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Big is never big enough – Designing industrial Raw Material Milling Plants made faster

Bearbeitet von mhd am 14. Apr. 2020
Milling Plants in the Cement Industry (as well as in related industries) are very demanding. Plants have to operate around the clock, and drive capacities of up to 12,000 KW and grinding capacities of up to 1000 t/h are being discussed. Due to the trend towards ever increasing plant capacities the development of new designs needs to be accelerated.

(From the archive of ”bulk solids handling", article published in Vol. 35 (2015) No. 3 , ©2015 bulk-online.com)Plant availability and optimized maintenance concepts are paramount today, as well as highly efficient, safe and transparent engineering for construction and operation. As one of the leading companies in the comminution sector, Gebrüder Pfeiffer SE, thus decided to optimise its engineering processes.The family-run business has more than 150 years experience in plant engineering. It develops modern processing technology for the raw materials industry, mainly in the cement, lime, gypsum and ceramic sector. The mills, dryers, classifiers, lime slakers or gypsum kettles from Gebrüder Pfeiffer are used all over the world. The company headquarters with its workforce of more than 450 employees is located in Kaiserslautern. Subsidiaries are located in USA and India, offices in China and the United Arab Emirates as well as an extensive network of representatives.

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MVR 6000 C-6 – Australias largest cement mill. (Pictures: ©Gebrüder Pfeiffer SE)

Gebrüder Pfeiffer mills have repeatedly achieved such superlatives as the “largest mill in the world”, “largest production output”, or “largest installed capacity”. The world’s second largest cement mill with a capacity of up to 340 tons of OPC (Ordinary Portland Cement) per hour. is currently being constructed for North Africa. The many international orders, especially from countries with a construction boom such as India or China, require highly transparent change management and clear communication with the customer. Amongst others, these were important reasons for the milling experts to look for a new system to optimise engineering.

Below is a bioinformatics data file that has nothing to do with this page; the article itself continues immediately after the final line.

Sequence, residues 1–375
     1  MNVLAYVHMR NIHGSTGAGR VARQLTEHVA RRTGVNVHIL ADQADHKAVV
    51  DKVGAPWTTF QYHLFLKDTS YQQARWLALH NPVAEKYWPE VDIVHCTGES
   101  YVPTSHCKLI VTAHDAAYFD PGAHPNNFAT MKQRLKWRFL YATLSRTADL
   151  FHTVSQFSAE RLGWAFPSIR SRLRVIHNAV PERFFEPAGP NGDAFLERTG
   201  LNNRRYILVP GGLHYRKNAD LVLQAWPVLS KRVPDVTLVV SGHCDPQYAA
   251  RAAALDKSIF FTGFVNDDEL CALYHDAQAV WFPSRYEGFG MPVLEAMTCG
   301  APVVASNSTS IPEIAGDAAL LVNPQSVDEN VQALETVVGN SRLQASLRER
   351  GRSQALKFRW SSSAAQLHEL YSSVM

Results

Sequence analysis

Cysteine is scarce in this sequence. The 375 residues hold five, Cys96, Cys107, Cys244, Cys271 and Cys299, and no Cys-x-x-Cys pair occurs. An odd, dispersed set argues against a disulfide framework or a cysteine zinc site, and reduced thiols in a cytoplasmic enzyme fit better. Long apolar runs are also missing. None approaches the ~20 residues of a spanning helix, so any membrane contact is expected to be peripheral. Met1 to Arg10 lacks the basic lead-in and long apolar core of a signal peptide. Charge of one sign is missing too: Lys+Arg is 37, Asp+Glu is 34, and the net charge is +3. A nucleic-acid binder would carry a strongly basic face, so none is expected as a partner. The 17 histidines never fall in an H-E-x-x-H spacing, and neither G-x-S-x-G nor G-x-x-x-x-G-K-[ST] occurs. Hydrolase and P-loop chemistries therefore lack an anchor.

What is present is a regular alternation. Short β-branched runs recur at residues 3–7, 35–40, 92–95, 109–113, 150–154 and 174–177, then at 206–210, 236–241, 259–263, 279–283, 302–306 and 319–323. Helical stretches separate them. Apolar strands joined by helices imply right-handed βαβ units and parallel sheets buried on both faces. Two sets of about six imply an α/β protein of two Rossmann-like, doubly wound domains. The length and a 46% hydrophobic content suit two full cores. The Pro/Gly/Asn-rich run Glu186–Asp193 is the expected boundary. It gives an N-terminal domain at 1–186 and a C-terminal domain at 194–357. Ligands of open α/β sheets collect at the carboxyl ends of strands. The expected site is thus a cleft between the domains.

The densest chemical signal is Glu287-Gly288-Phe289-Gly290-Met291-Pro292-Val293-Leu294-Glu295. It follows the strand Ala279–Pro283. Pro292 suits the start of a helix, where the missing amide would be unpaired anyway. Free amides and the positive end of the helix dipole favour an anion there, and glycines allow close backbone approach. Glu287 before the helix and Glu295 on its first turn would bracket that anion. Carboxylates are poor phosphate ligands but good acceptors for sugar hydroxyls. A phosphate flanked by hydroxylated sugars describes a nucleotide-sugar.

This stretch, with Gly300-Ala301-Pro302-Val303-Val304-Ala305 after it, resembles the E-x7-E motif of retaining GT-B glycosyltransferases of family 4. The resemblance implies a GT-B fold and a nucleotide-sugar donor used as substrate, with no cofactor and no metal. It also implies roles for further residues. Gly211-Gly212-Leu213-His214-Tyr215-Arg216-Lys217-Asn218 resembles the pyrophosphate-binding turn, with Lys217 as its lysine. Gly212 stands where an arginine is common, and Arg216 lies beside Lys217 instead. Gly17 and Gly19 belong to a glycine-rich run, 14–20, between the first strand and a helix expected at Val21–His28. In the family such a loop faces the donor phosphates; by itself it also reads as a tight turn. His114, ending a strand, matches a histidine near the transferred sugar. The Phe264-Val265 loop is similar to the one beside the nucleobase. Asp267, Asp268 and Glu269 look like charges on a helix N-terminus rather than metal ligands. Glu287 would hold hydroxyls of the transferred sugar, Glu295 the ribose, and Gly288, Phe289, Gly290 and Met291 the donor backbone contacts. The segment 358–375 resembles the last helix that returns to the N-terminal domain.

Consistency required

“Our customer Holcim drew our attention to software provider Aucotec. Holcim uses their Engineering Base (EB) system not only in plant operation, but also for the tendering stage and bases the further development of the plant on the data that was already processed”, says Wolfgang Fuhr, Head of Organisation and Data Processing at Gebrüder Pfeiffer. Aucotec is an independent system developer based in Hanover. The medium-sized company is celebrating its 30th anniversary this year.

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Gebr. Pfeiffer assembly shop in Kaiserslautern, Germany.

The fact that Holcim, as one of the world’s largest cement manufacturers, insists on its suppliers creating their documentation with EB was not the main reason why Aucotec actually opted for the company-wide introduction of the software platform. On the one hand, the company’s decision-makers looked at the references of other plant engineers while, on the other hand, it was clear that certain standards which they, as a manufacturer with high vertical range of manufacture, set for their own products can be implemented best with a system that provides particular consistency.“Our ability to innovate also depends on the quality and speed at which the development and design team works”, says Fuhr. “Thus we needed a consistent engineering system to create P&IDs and flow diagrams for plant design. The previous operation method with simple CAD designing and separate lists in XLS was extremely time-consuming and prone to errors, especially when changes were made.